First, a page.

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Lay of the Land: Shafer’s New Staff Tries to Set Groundwork During Spring Ball

As Syracuse basketball dances into the Sweet 16  against the Hoosiers, some may have been distracted that spring practice is underway for SU football. The Orange carries momentum into Manley Field House with a tremendous win in the Pinstripe Bowl and the construction of a solid 2013 recruiting class.
Syracuse is four practices deep into its spring session, and the clear difference between Doug Marrone and Scott Shafer’s approach is energy. The liveliness and excitement is extremely high. Shafer has elected to follow in The Dougie’s footsteps in two ways: the majority of spring practices are closed from the fans and media. He also laid a heavy hand on nonsense within the program. Two players were dismissed from the team before Shafer ever coached his first game.
Shafer has elected two practices to be open to the public prior to April 20th‚Äôs Spring Game at the Carrier Dome. It’s a different vibe this March because Syracuse enters on a big finish down the stretch, not a five-game losing streak. Marrone also didn‚Äôt have the luxury Shafer has with the move to the ACC adding spark to a highly motivated, younger group of players. With Marrone out, Shafer looks to establish his own identity. He recapped last Tuesday‚Äôs first practice of the season:
“First off, I like the way the kids came out. I like their attitude and the approach they had when they walked out on the football field. There were a lot of sloppy things and things we need to work on. I like the effort and I like the approach the kids took. I like the way that they tried to respond to the coaches as they were getting coached hard at time. We got day one in. All in all, I feel good about day one.”
Responding to a new coaching staff will be key. Will the Orange have the same reaction to a new group of coaches, all who are getting their taste of the ACC?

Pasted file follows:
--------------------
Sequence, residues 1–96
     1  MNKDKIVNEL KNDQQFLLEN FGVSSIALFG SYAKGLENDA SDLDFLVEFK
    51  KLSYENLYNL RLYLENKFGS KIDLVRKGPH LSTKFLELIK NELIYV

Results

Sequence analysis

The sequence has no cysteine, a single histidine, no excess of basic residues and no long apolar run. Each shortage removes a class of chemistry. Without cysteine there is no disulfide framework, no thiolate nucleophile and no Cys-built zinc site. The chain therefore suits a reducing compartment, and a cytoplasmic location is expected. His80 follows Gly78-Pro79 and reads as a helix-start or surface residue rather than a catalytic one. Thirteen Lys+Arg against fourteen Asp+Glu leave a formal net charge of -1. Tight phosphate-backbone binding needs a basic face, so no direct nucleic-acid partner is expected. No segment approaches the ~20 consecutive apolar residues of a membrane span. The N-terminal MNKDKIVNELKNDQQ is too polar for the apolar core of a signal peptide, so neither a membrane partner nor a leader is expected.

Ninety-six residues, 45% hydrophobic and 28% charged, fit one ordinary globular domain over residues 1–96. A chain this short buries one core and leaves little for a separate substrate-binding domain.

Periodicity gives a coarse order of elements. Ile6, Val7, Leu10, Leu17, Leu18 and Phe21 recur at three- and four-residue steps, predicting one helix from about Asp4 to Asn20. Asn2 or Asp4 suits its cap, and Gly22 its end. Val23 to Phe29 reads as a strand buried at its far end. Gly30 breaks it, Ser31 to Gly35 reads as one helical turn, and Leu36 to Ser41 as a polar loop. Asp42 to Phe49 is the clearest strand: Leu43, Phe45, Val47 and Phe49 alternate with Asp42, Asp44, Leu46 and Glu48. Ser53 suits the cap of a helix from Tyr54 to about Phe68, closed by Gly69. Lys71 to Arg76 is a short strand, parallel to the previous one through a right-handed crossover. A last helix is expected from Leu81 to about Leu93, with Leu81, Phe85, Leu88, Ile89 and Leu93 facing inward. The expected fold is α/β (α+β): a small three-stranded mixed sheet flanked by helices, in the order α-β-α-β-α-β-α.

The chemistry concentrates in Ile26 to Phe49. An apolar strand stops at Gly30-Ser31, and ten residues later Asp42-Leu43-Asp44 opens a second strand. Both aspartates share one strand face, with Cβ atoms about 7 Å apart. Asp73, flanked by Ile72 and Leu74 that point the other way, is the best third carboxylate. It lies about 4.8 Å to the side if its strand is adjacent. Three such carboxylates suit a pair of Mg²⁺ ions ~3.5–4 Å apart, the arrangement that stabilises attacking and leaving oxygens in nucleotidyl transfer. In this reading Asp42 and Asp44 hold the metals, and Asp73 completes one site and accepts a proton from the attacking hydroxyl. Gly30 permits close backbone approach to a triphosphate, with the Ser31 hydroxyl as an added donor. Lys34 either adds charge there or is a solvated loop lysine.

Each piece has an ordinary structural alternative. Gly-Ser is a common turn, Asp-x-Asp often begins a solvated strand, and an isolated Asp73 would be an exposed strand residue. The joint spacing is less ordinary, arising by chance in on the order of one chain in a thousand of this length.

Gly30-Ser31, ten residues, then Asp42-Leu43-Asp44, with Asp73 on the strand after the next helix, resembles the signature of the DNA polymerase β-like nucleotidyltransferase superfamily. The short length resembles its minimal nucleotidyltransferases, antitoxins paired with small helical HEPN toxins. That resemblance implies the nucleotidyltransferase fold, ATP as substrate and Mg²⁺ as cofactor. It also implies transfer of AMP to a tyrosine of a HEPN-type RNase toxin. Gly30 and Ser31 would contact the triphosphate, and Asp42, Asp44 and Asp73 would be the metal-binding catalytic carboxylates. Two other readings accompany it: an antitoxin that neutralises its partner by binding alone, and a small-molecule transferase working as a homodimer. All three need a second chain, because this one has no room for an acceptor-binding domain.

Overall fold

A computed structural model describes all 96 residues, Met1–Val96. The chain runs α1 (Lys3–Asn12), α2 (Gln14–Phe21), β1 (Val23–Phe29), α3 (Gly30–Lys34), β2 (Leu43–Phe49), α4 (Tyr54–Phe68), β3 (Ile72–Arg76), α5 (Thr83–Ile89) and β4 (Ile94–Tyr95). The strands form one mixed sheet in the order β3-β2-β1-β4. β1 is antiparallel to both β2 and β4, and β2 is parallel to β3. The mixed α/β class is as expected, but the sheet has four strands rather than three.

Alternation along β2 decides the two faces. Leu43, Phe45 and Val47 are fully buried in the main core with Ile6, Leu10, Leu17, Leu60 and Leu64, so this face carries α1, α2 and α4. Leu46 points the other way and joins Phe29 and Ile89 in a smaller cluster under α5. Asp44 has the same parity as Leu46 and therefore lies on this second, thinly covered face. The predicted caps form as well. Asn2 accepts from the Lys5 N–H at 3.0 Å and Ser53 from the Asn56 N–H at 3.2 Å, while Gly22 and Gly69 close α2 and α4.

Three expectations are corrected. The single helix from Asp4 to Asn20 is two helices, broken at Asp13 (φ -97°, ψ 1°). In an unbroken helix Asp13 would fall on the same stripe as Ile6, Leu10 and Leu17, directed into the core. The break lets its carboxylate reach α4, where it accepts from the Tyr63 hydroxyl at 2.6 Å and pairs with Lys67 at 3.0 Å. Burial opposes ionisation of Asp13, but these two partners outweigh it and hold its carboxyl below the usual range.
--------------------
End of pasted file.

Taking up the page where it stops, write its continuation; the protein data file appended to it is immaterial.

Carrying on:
“It was great. It was a blast. I really enjoyed it. It was fun to get back down and spend some time with the offense. It was extremely enjoyable to be right behind the quarterbacks and look at things from a different perspective. Whenever I started missing my defensive guys, I ran over to that sideline and got a little bit of this and a little bit of that.”
The offense will be in the crosshairs all season. Not only was the attack humming by the end of last year with Ryan Nassib, but there’s a whole new play-caller in town. How will George McDonald’s offense differ from the quick tempo one of his predecessor? And who will lead the offense under center?
“We have a new group of coaches that are meshing together. A lot of us have worked together so that will be good. Now it will just be the dynamic of how the flow of the practice works. How the flow of going to practice to a meeting situation and the dynamics of the new personalities meshing, just like any group would take time to get those personalities to mesh. That’s what makes it so much fun ‚Äì all those firsts. You want to try and do the best you can with each first and each opportunity that’s a new one.”
Another underrrated storyline. How will this new staff work together? We know it can take time for the players to bond with the coaches and take their direction. But the coaches are a team as well, and need to be familiar with each other’s tendencies.
“You always like to finish the season on a high note and that Pinstripe Bowl was a great win for us with the way the kids played. But, every season is a new season too so you have to careful. You look at momentum. Usually momentum is based on guys that won those games for you and won those situations. A lot of those guys are gone so we are looking for new guys to create a new momentum as we inch our way toward Penn State.”
Can the Orange capitalize on that momentum? Compared to the even keel and conservative Marrone, Shafer was upbeat and pumped from his opening presser. Syracuse’s hoops season is still underway, but soon the spotlight shifts back to football, and Shafer’s troops are already in gear.
Posted: Brendan Glasheen
The Fizz is owned, edited and operated by Damon Amendolara. D.A. is an ’01 Syracuse graduate from the Newhouse School with a degree in Broadcast Journalism.


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